Hume thought that empathy was the primary cause of “hatred, resentment, esteem, love, courage, mirth and melancholy.” “All these passions,” he explained, “I feel more from communication than from my own natural temper and disposition” (184.108.40.206). Unlike the critical distance of Smith’s projective empathy, the contagion metaphor turns empathy into a viral vector through which the violent passions accompanying demagoguery can hitch a ride into our minds.
Understanding how affective empathy can become a vector for demagogic discourse—allowing its easy proliferation online—has important implications for rhetoric and writing studies, and in particular for rethinking circulation. While Jim Ridolfo and Danielle Nicole DeVoss’ work on rhetorical velocity has pushed the field forward by considering “how classical rhetorical concepts such as delivery are impacted by changes to the means of distribution,” it doesn’t account for empathy itself as a means of distribution, making it impossible to understand circulation as a sociotechnical phenomenon (“rhetcomp” section, para. 3). Rhetorical velocity mostly describes how discourses circulate in online spaces, but not why they are taken up and acted on. Critical studies of empathy instead ask us what might motivate and allow for discourses to be circulated by their empathetic receivers. Such considerations lead to questions posed by Jim Ridolfo and Bill Hart-Davidson about “#RhetOps,” or the “militarized deployment of digital rhetoric” (4). As Ridolfo and Hart-Davidson note, advances in AI and machine learning have led to increasingly complex relationships between human rhetors and machines, making possible a phenomenon they call the “fog of digital rhetoric,” which captures how today’s “conditions [are]ripe for doubt regarding the authorship, purpose, sponsorship, and motivation of digital texts, their compositionists, and amplifiers” (8).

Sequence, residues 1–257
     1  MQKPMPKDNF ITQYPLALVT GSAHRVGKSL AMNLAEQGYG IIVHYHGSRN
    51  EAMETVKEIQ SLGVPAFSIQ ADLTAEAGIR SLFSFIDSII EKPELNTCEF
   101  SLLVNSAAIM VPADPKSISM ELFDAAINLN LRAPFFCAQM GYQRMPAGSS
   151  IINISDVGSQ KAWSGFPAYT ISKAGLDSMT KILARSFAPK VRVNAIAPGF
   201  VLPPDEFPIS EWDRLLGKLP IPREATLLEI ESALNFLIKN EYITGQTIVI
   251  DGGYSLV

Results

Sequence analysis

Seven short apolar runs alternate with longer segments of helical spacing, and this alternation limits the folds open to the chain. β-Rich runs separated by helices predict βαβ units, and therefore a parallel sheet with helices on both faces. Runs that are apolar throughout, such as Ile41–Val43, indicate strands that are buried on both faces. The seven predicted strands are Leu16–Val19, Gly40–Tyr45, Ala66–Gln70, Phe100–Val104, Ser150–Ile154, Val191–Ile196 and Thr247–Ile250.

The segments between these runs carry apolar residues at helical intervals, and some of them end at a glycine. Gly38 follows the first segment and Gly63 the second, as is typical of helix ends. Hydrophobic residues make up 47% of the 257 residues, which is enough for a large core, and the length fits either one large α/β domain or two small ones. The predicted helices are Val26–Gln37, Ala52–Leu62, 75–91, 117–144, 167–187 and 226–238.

And what about when the fog of digital rhetoric is compounded by the fog of affective empathy? Such conditions have made American society uniquely vulnerable to a “contagious conspiracism” that has been spreading through the body politic in parallel with the novel coronavirus. To be against such digitally mediated empathy is not to be against compassion, sympathy, or feeling your way into another’s feelings; rather, it’s to always be on the lookout for empathy’s ability to infect us and make us host to unwanted, dangerous passions.
Bloom, Paul. Against Empathy: The Case for Rational Compassion. Ecco, 2016.
Fleischacker, Samuel. Being Me Being You: Adam Smith and Empathy. University of Chicago, 2019.
Hume, David. A Treatise of Human Nature, edited by David Fate Norton and Mary J. Norton, Oxford University Press, 2000.
Kramer, Adam D. I., et al. “Experimental Evidence of Massive-Scale Emotional Contagion through Social Networks.” Proceedings of the National Academy of Sciences, vol. 111, no. 24, 2014, pp. 8788–90, doi:10.1073/PNAS.1320040111. Accessed 20 February 2021.
“LSA’s Vision, Mission, and Values.” College of Literature, Science, and the Arts: University of Michigan, https://lsa.umich.edu/strategicvision. Accessed 22 February 2021.
Ridolfo, Jim and Bill Hart-Davidson. Rhet Ops: Rhetoric and Information Warfare. University of Pittsburgh Press, 2019.
—and Dànielle Nicole DeVoss. “Composing for Recomposition: Rhetorical Velocity and Delivery.” Kairos, 2009, https://kairos.technorhetoric.net/13.2/topoi/ridolfo_devoss/intro.html. Accessed 22 February 2021.
Smith, Adam. Adam Smith: The Theory of Moral Sentiments, edited by Knud Haakonssen, Cambridge UP University Press, 2002.
Sturm, Tristan and Tom Albrecht. “Constituent Covid-19 Apocalypses: Contagious Conspiracism, 5G, and Viral Vaccinations.” Anthropology & Medicine, 2020, pp. 1–18, doi:10.1080/13648470.2020.1833684. Accessed 22 February 2021.
Yam, Shui-yin Sharon. Inconvenient Strangers: Transnational Subjects and the Politics of Citizenship. The Ohio State University Press, 2019.